There is no mask for mental health

Mental health, in most parts of the world is very much misunderstood and there are a lot of misconceptions about it. Many people (especially children and young adults) believe that mental health is related to one's mentality or mood. It is often thought that someone with mental health issues is insane, crazy or simply out-of-this-world. Very seldom do they know that it is nothing like that. Mental illness is an umbrella term for a wide range of conditions such as depression, dementia, eating disorders, schizophrenia, etc.

The media has been quick to cover this event but they failed to highlight that mental health affects 400 million adults around the world today. There is a need to understand and work upon the mental health of these people.

The world came together to fight the spread of the pandemic. It caused panic and fear among the public. The physical symptoms of COVID-19 generally appear within a fortnight. However, prolonged exposure to a pandemic can cause mental trauma.

The trauma induced by a pandemic has an unfavorable effect not only on the mental health of the person who is affected, but also on his or her immediate social circle. Interpersonal tensions, an increase in spousal violence, child abuse, disassociation from current social groupings, and even agoraphobia are all possible outcomes.

It is not possible to determine if the mental health of a particular group will be affected by the outbreak. However, some groups, such as persons with mental illnesses, are more vulnerable than others. The world is currently at an active trauma stage, which is related to the COVID-19 pandemic. As a result, the battle against mental health is yet to begin.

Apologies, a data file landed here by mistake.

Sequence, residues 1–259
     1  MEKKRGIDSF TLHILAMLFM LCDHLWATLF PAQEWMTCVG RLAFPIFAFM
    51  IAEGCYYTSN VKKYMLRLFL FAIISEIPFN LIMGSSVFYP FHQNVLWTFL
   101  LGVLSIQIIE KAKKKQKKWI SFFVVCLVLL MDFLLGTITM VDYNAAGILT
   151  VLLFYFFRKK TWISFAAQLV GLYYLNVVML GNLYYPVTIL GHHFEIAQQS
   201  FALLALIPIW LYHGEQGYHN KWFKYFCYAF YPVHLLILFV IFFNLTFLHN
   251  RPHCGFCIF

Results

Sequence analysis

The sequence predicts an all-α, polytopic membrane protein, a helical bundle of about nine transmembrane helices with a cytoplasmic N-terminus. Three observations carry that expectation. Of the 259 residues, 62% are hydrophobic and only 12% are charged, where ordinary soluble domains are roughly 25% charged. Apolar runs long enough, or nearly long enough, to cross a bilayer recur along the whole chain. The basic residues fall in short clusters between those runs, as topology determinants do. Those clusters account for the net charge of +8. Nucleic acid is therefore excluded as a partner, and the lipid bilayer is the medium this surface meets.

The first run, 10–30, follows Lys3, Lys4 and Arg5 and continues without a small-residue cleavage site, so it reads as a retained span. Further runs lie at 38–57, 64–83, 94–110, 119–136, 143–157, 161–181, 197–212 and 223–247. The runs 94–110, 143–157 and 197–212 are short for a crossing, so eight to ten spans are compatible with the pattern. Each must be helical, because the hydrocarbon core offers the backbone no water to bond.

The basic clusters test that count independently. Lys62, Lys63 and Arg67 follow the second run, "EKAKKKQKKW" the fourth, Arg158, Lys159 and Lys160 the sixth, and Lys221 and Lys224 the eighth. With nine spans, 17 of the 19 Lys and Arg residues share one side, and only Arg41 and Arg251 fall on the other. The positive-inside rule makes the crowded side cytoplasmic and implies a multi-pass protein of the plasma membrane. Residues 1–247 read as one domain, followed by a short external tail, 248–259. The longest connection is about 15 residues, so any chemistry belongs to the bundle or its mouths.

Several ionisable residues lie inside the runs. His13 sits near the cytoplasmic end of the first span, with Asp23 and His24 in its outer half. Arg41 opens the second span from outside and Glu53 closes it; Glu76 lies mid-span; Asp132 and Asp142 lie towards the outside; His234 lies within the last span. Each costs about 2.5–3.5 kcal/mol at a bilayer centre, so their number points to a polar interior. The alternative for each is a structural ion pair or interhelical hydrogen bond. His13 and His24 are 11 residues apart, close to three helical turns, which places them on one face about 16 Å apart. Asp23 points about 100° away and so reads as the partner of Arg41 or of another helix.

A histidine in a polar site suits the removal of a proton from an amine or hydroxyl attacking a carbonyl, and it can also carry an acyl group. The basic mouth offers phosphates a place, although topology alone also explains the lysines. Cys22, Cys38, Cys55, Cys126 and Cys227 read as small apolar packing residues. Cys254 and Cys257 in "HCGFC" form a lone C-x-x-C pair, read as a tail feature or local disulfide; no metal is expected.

A survey conducted by the World Health Organisation on the major disruptions of mental health showed results that only 17% of countries have full funding for their mental health and psychosocial supports. This suggests that they are not investing enough in these areas. All of this emphasises the need for additional funding for mental health. As the outbreak spreads, demand for national and international mental health programmes, which have been chronically underfunded for years, will grow even more.

The WHO also suggested various measures to address the psychological and mental health considerations during the outbreak. For instance, individuals should not watch or listen to news about COVID-19. The public should also amplify positive stories about the survivors.

Pursuing your passion, learning new hobbies, spreading good news, meditation, and staying in touch with family and friends over the phone and through social media are some of the ways to combat anxiety and depression.

There is still time for society to take efforts to prevent the mental health crisis that will inevitably follow the pandemic. It is not easy to train our minds to follow a routine or engage in constructive work during these trying moments. Taking one step at a time to maintain mental safety and emotional stability on an individual level can, nevertheless, contribute to society's overall mental health.

(COVID-19 causing mental illnesses due to isolation, loss of a loved one or constant anxiety)

( The pandemic directly affecting an individual’s mental health and wellbeing)

Authored By: Akshata Kapoor

Edited By: Uddantika Kashyap